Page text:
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Bowshier v. Gunter

United States District Court, W.D. Kentucky, Louisville Division

June 4, 2019

DEPUTY MIKE GUNTER et al., Defendants.


          David J. Hale, Judge.

         Plaintiff Donovan John Bowshier filed the instant pro se 28 U.S.C. § 1983 action proceeding in forma pauperis. This matter is before the Court on initial review of the complaint pursuant to 28 U.S.C. § 1915A. Upon review, the Court will dismiss some of Plaintiff's claims and allow one claim to proceed for further development.


         Plaintiff is a convicted inmate at the Hardin County Detention Center (HCDC). Plaintiff sues HCDC personnel Mike Gunter and Robert Reynolds in their individual and official capacities.

         Plaintiff asserts that on March 13, 2018, Defendant Gunter entered his pod “almost immediately after dealing with an altercation that involved physical contact.” According to the complaint, Defendant Gunter “stormed into pod disgruntled, mad, and many more aggravating feelings.” Plaintiff states that he advised Defendant Gunter that another inmate was lying. He maintains that Defendant Gunter responded by telling him to “Shut up.” Plaintiff states that Defendant Gunter had told the other inmate to “roll” his belongings up and said to Plaintiff, “‘Matter of fact' roll your things up too. Your going to the hole.” Plaintiff asserts that he went to his bunk area and began to roll up his things. Plaintiff states, “As I turn around Deputy Mike Gunter has his taser pulled out pointed at me and tells me to get on the ground, I follow order and as I'm going down Deputy Mike Gunter deploys his taser into my back. Tasing me calling for back up.” Plaintiff continues, “Next thing I k[no]w, Operations officer at the time is helping lift me up off ground. I asked her why he did that and she did not answer. I was taken to medical to have prongs pulled out and then thrown in the drunk tank and then to hole.”

         Plaintiff maintains, “It is my understanding that a person, an inmate must be in a threatening manner to deploy taser. I was pretty much on ground when deputy Gunter tased me in my back. Camera footage and also numerous inmates would testify to the wrong doing.” He states that another deputy reviewed the video footage and “stated I was on the ground pretty much when he tased me in the back.” Plaintiff asserts that he discussed this with Defendant Reynolds who “just brushed if off and told me I was in wrong. Lied to me saying there was three deputies in pod when in fact there was just Deputy Gunter.”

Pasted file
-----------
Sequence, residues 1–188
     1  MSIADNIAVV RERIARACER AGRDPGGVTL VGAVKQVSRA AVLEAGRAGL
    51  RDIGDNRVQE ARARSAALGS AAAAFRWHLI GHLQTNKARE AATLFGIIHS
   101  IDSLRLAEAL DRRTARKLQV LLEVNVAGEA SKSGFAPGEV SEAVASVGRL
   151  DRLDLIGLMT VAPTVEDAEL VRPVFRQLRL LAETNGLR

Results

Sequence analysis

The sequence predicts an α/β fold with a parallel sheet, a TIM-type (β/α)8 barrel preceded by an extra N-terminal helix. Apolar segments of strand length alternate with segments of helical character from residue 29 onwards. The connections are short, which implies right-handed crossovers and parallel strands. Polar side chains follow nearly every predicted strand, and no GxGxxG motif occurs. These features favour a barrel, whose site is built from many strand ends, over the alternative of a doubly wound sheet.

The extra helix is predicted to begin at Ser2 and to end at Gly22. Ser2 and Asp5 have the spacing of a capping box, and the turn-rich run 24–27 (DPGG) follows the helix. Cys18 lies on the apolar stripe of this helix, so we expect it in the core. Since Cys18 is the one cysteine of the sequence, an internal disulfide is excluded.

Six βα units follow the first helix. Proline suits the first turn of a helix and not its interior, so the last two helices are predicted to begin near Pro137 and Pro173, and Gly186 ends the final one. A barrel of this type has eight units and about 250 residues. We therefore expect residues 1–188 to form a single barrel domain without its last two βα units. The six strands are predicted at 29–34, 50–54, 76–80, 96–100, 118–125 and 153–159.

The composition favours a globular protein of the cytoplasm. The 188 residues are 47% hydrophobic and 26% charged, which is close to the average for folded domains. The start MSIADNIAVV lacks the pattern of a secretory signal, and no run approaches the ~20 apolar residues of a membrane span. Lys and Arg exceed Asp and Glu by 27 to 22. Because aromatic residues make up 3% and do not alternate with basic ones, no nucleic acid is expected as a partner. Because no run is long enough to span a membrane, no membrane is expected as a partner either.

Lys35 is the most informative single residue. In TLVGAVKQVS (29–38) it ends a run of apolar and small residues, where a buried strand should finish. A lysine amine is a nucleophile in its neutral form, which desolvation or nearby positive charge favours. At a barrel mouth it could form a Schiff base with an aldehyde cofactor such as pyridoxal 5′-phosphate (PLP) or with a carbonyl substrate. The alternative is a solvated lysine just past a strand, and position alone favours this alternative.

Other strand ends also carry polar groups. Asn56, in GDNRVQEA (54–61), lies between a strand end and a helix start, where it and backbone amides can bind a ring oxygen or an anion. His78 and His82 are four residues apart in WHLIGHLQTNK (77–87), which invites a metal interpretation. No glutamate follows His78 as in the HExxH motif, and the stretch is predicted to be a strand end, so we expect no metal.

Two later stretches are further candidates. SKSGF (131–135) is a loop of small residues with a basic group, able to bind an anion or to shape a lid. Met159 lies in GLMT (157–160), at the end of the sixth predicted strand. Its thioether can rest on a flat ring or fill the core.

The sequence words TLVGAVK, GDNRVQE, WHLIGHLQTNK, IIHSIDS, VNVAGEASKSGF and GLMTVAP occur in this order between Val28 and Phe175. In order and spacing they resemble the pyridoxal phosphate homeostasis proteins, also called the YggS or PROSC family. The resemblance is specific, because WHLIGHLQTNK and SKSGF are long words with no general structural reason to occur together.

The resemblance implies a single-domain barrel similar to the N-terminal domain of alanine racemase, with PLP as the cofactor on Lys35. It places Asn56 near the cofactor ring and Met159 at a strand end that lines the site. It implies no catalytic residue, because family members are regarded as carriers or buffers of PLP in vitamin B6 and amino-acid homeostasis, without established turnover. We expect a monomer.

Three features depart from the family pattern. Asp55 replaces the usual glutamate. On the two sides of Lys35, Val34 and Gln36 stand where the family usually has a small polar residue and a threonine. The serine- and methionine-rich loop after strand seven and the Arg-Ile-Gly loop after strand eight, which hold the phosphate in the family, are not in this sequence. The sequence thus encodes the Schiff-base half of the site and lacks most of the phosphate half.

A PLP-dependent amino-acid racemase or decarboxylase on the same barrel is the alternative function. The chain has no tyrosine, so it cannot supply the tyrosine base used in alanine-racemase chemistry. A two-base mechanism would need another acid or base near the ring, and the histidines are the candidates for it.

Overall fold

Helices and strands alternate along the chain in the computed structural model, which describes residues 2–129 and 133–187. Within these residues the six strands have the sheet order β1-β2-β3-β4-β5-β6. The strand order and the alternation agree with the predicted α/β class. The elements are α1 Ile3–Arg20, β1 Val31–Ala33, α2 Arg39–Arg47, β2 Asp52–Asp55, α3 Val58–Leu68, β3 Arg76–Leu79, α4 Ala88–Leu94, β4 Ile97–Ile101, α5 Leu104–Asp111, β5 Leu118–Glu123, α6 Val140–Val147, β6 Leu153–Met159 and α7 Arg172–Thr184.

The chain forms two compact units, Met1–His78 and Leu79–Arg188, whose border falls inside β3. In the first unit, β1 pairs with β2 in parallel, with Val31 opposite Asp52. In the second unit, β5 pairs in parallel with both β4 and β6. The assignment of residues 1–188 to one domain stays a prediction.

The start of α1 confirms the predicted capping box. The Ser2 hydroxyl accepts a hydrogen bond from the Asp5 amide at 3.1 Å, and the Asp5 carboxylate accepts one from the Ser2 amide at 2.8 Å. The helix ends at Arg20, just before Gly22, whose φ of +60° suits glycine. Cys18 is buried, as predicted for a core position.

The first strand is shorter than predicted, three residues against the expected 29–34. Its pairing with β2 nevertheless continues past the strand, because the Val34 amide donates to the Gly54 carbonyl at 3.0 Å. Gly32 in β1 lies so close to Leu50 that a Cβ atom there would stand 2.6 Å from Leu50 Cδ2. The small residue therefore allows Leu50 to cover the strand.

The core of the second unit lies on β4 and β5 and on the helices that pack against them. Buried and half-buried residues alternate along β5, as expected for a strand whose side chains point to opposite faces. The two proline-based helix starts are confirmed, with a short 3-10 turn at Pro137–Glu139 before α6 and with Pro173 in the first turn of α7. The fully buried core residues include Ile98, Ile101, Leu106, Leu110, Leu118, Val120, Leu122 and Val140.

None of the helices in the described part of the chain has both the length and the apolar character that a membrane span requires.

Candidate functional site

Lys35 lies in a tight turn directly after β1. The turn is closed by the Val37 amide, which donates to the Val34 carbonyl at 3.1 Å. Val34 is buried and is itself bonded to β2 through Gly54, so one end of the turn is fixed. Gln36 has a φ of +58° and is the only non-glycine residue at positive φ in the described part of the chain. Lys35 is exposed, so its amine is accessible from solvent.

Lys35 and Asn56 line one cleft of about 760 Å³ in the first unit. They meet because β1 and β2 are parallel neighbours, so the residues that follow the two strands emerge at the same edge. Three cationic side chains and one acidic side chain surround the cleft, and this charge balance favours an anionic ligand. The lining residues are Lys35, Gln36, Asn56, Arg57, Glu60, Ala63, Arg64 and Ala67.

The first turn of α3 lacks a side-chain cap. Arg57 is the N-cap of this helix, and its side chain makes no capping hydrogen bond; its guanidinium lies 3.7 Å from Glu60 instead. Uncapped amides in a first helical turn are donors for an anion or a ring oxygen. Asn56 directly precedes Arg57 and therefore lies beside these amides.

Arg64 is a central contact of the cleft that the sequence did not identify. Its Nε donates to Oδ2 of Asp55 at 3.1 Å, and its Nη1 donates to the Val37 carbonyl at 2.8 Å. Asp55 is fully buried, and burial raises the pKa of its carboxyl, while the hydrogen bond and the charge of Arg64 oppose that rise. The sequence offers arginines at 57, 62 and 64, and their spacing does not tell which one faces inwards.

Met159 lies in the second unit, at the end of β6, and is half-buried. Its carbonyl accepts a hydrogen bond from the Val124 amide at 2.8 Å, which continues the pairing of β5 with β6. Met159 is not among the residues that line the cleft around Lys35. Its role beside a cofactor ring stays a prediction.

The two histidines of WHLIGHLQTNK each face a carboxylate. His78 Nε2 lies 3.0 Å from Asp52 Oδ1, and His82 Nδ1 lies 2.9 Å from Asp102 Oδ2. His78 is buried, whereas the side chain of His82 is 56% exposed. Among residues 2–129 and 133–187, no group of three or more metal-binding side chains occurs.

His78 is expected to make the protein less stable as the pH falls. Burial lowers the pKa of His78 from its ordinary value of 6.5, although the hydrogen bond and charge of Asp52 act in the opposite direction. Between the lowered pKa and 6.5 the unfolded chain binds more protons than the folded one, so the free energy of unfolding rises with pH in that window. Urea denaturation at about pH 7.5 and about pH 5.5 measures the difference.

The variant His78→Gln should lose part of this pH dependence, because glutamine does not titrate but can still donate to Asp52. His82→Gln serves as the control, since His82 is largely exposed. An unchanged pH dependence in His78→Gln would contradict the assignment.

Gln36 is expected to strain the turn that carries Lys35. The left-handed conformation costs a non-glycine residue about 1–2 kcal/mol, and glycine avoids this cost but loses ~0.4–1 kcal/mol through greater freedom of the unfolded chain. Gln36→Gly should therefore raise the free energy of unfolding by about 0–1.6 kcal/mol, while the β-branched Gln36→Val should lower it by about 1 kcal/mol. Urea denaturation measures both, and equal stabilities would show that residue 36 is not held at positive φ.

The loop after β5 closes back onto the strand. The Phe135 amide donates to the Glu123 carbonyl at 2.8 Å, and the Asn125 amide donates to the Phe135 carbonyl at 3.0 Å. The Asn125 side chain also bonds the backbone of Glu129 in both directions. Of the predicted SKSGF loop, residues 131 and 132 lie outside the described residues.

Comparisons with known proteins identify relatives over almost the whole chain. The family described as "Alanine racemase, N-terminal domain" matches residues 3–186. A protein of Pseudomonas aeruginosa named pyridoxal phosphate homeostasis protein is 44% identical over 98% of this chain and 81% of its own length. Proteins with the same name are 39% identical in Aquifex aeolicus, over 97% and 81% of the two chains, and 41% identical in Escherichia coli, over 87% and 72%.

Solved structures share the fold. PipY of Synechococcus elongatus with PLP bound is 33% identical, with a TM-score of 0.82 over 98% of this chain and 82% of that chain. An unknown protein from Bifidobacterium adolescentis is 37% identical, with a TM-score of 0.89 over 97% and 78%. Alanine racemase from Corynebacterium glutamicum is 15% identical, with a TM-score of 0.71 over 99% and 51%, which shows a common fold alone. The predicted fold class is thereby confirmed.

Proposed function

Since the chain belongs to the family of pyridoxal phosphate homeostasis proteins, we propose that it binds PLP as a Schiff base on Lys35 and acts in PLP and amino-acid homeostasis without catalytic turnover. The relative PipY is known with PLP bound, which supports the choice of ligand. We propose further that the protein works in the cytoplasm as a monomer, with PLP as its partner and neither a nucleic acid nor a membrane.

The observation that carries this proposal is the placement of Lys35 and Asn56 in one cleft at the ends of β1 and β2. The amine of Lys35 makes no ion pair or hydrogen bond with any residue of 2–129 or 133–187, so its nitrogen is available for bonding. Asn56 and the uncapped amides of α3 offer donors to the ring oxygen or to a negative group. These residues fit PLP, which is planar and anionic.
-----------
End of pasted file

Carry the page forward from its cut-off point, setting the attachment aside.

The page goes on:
Plaintiff states that there are a “few deputies” at HCDC “that walk around quick to pull out there tasers to threaten inmates when its absolutely uncalled for. Unnecessary when many times it is just an inmate trying to talk but due to the deputies being perhaps unstable, unprofessional, it is wrong.” Plaintiff also lists the names of five people whom he identifies as witnesses.

         As relief, Plaintiff seeks compensatory and punitive damages.

         II. STANDARD

         When a prisoner initiates a civil action seeking redress from a governmental entity, officer, or employee, the trial court must review the complaint and dismiss the complaint, or any portion of it, if the court determines that the complaint is frivolous or malicious, fails to state a claim upon which relief may be granted, or seeks monetary relief from a defendant who is immune from such relief. See § 1915A(b)(1), (2); McGore v. Wrigglesworth, 114 F.3d 601, 604 (6th Cir. 1997), overruled on other grounds by Jones v. Bock, 549 U.S. 199 (2007). When determining whether a plaintiff has stated a claim upon which relief can be granted, the court must construe the complaint in a light most favorable to the plaintiff and accept all of the factual allegations as true. Prater v. City of Burnside, Ky., 289 F.3d 417, 424 (6th Cir. 2002).

         In order to survive dismissal for failure to state a claim, “a complaint must contain sufficient factual matter, accepted as true, to ‘state a claim to relief that is plausible on its face.'” Ashcroft v. Iqbal, 556 U.S. 662, 678 (2009) (quoting Bell Atl. Corp. v. Twombly, 550 U.S. 544, 570 (2007)). “A claim has facial plausibility when the plaintiff pleads factual content that allows the court to draw the reasonable inference that the defendant is liable for the misconduct alleged.” Id. (citing Twombly, 550 U.S. at 556). “[A] district court must (1) view the complaint in the light most favorable to the plaintiff and (2) take all well-pleaded factual allegations as true.” Tackett v. M & G Polymers, USA, LLC, 561 F.3d 478, 488 (6th Cir. 2009) (citing Gunasekera v. Irwin, 551 F.3d 461, 466 (6th Cir. 2009) (citations omitted)). “But the district court need not accept a ‘bare assertion of legal conclusions.'” Tackett, 561 F.3d at 488 (quoting Columbia Natural Res., Inc. v. Tatum, 58 F.3d 1101, 1109 (6th Cir. 1995)).

         III. ANALYSIS

         A. Official-capacity claims

         Plaintiff sues Defendants in both their official and individual capacities. “Official-capacity suits . . . ‘generally represent [] another way of pleading an action against an entity of which an officer is an agent.'” Kentucky v. Graham, 473 U.S. 159, 165 (1985) (quoting Monell v. New York City Dep't of Soc. Servs., 436 U.S. 658, 690 n.55 (1978)). Suing employees in their official capacities is the equivalent of suing their employer. Lambert v. Hartman, 517 F.3d 433, 439-40 (6th Cir. 2008); Matthews v. Jones, 35 F.3d 1046, 1049 (6th Cir. 1994); Smallwood v. Jefferson Cty. Gov't, 743 F.Supp. ...

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